"High-insulin secretors tend to be apples, with more fat around the middle," maintains Ludwig. "Low-insulin secretors tend to be pears."
I never developed broad hips, but I've always had a tummy. And that tummy is the last thing to go when I do lose weight. So, I'm an apple shape for sure.

The accompanying article then gives some guidelines for what to eat on a low-glycemic diet. First though there is an explanation of the glycemic index.

The glycemic index (GI) is a ranking of carbohydrate-containing foods on a scale of 0 to 100. The higher the number, the more quickly you'll digest the food and trigger extreme fluctuations in blood sugar. Low scores (55 and lower) mean the food is digested slowly and produces only gradual changes in blood sugar. . . . Ludwig advises that you avoid "eating by the numbers" and instead follow these simple guidelines.
The guidelines are:

1. Eat plenty of fiber-rich vegetables (dark leafy greens—good; corn—not so good), beans (all of them), and fruit (apples, pears, peaches, and berries have a lower GI than tropical fruits, like papaya and mangoes).

2. Limit potatoes to small side dishes.

3. Choose grains in their least processed states. For example, replace refined and white breads with stone-ground whole wheat, sourdough, or pumpernickel. Swap jasmine and arborio rice for basmati, brown, or long grain. Instead of processed cereals like cornflakes and instant oatmeal, stick with old-fashioned oats or cold cereals that have at least four grams of fiber per serving. Ration white-flour sweets like doughnuts and cookies for the occasional treat—there are no healthy substitutes for these!

4. Avoid sugar-sweetened beverages, and drink no more than one cup of 100 percent fruit juice daily.

5. Consume protein and fat at most meals and snacks. Eating a balance of nutrients will help keep your blood sugar steady and your hunger in check. Vegetable and lean animal sources (including dairy) are your best options for protein. Olive oil, nuts, avocados, seeds, and nut butters are healthy fats. Cut back on saturated fats, and banish trans fats completely.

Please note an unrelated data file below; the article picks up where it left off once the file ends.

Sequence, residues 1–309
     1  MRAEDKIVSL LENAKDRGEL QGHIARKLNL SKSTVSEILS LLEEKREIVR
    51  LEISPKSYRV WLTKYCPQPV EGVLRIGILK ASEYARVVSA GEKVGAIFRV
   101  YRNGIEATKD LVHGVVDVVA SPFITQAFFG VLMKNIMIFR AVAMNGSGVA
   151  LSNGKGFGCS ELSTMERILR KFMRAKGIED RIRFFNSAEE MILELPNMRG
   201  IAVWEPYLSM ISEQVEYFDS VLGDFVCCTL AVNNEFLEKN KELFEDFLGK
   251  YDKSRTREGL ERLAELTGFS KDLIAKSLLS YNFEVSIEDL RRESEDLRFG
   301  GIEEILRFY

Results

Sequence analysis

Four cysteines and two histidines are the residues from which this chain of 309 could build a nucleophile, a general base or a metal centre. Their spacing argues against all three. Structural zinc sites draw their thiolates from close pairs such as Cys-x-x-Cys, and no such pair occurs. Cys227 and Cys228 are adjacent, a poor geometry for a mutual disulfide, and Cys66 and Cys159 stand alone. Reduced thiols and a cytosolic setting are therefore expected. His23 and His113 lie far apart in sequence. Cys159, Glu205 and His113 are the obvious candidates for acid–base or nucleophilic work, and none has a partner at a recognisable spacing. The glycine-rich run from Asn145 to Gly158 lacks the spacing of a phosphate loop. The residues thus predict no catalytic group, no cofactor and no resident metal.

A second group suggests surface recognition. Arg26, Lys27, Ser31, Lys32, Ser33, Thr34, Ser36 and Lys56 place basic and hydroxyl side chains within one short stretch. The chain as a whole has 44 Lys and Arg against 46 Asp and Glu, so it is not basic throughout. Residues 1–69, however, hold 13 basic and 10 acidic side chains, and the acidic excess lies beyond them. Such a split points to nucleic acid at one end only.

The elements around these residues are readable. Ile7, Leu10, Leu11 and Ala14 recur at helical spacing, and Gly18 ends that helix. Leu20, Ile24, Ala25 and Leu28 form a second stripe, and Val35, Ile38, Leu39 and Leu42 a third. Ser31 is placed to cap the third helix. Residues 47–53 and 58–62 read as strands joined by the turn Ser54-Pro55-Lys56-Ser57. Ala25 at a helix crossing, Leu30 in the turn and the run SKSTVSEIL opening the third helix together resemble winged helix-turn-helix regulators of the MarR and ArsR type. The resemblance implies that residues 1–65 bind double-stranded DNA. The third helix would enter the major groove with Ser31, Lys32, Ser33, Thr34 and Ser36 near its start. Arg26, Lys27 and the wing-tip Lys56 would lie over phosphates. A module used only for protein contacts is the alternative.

My perception of eating healthy as a young girl was to not eat a lot of treats and to eat less food at each meal. What this led to was a constant battle with hunger and the feeling that if I didn't control my hunger better I was somehow a bad person. Now I understand that when I was eating potatoes and bread and cereals that those foods tend to make me more hungry because they spike my blood sugar--especially when they are eaten alone or without accompanying good fats and lean meats.

It has been such a relief over the last few years to discover that hunger is a normal, natural state and that feeding that hunger with foods that are low-glycemic is one of the best ways to eat for my body. This is not about depriving my body of any foods--this simply is about learning the balance and learning that eating lean meats, fruits and veggies, and good fats like olive oil and raw nuts as well as whole grains or complex carbs like brown rice, sweet potatoes or butternut squash makes my body feel its very best.

And now, my stomach is grumbling and I wish I'd started dinner an hour ago. At least I know exactly what to eat.